And Then There Was Light

And Then There Was Light

Just before Christmas, our small town in Southern Vermont was the center of a magical and destructive ice storm leaving us without power for seven days.

By the sixth day, I hit ROCK bottom and packed up my family up for a hotel–twenty minutes away.  There we reveled in electric lighting, showers–and most of all–flushing toilets.  This poem was written in a moment of delirium when we arrived back at our home the following day.

And Then There Was Light

And on the seventh day we rose

from the comfort of the HOLIDAY Inn

and climbed back to the heights of Marlboro

And there at the mouth of our road

we came upon men of GOOD will,

wearing hard hats beneath BRIGHT trucks.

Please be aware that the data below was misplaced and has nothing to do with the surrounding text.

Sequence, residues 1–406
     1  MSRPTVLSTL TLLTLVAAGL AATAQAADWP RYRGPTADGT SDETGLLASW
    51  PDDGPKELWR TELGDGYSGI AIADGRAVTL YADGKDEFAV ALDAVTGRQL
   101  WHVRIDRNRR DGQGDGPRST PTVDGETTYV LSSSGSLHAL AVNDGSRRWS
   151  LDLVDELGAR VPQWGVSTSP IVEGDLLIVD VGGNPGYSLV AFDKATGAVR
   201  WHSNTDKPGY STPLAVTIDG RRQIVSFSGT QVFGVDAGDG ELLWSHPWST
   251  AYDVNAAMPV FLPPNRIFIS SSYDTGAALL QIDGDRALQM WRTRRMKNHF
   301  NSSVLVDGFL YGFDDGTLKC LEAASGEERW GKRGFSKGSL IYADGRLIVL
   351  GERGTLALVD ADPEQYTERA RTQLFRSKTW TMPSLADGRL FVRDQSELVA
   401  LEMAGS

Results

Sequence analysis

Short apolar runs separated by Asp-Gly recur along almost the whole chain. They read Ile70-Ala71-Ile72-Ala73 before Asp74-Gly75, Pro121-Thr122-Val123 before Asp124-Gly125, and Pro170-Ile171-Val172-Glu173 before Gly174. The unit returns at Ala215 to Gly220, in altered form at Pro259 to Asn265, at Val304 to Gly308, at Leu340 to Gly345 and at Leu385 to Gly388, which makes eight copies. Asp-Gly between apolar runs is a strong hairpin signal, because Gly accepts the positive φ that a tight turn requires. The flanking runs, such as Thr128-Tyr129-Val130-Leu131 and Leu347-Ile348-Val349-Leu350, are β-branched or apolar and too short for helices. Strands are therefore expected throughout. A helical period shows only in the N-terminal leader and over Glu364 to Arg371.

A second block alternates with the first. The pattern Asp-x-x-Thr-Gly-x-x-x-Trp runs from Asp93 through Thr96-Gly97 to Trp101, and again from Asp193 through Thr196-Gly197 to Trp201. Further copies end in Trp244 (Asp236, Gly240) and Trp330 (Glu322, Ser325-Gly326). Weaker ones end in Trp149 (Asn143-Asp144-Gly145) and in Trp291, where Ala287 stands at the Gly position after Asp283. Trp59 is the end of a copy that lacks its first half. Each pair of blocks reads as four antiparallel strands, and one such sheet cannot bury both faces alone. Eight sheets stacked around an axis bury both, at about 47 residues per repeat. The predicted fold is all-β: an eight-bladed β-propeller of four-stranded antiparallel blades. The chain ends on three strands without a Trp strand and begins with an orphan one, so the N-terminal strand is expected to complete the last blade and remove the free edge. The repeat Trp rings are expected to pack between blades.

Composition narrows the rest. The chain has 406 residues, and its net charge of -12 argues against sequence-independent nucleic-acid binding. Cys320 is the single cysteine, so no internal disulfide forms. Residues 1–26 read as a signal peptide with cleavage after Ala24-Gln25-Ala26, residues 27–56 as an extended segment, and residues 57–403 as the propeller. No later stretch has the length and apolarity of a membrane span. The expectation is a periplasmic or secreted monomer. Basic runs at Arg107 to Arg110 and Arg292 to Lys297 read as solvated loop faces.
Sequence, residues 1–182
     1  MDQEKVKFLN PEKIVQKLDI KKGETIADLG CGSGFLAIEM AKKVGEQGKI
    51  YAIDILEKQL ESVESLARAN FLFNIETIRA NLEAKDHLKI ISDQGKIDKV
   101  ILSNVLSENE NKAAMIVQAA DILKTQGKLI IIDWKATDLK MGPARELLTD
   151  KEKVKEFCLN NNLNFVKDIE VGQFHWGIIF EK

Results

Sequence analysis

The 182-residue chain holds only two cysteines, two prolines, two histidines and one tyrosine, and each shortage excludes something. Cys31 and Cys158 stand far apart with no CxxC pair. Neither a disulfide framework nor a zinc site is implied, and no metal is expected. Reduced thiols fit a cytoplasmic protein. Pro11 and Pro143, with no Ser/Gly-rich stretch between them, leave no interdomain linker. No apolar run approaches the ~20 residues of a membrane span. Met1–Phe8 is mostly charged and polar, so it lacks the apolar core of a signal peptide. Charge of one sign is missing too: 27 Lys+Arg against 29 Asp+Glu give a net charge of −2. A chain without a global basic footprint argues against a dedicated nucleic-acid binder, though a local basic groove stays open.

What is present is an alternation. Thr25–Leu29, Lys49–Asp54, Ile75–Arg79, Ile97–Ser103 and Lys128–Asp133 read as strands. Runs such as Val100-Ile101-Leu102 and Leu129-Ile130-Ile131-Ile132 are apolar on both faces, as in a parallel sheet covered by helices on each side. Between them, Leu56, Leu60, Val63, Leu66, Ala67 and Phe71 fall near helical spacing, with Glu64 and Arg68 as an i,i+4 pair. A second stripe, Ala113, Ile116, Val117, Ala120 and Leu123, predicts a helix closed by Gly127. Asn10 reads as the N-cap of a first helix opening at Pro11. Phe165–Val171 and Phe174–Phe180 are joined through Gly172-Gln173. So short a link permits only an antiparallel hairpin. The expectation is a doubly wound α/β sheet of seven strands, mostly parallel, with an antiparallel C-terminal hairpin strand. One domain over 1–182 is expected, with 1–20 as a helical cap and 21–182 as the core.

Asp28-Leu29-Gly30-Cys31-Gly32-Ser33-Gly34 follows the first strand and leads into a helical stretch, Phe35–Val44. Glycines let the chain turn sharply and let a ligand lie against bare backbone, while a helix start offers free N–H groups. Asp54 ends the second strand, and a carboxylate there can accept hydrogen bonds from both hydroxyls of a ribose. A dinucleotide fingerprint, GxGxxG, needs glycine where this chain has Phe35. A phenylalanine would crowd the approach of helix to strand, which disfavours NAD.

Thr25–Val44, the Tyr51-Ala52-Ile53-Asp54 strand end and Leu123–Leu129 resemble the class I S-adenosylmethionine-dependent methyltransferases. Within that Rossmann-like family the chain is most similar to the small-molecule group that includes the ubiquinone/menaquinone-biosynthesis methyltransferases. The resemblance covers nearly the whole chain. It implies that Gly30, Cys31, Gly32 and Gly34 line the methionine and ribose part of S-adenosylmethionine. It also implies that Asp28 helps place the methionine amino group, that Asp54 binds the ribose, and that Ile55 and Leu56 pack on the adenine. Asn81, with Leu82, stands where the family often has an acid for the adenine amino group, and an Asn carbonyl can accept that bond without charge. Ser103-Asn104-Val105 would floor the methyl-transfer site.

And our mouths fell silent

of the PRAISE we had intended to spread

upon this long-awaited sight

And they hung there open

as we ascended MacArthur

SEEKING at each crossing

the familiar toppled tree or strewn line

only to discover…


And with great ANTICIPATION,

we turned up our drive,

scanning our home

for any SIGN,

And stepping into our mudroom

giddily flipped the switch,

only to find…


But just as we wearily lifted our bags

up the dark and dirtied stairs,

an unusual sound was heard.

And we looked at each other


And then turned toward the stove to SEE

great NUMBERS flashing

and exclaimed in bewildered WONDER



And without flushing toilets

or filling refrigerators

or washing mounds of dishes,

We flew to the porch

with pots and pans

to send out our JOYFUL wishes.

We whistled and whooped

and rang out GREAT JOY

To the gentlemen of CVPS

and all other electric crews NATIONS.

Who knew that a week before Christmas

could bring such GLEE

as we turned on the carols

and welcomed

each LIGHT

on the tree.

Kelly Salasin, 2008

To read Kelly’s posts about the Ice Storm of 2008, before the glee, click the links below:

Cat Scan 3:00 a.m.

Survivor Sours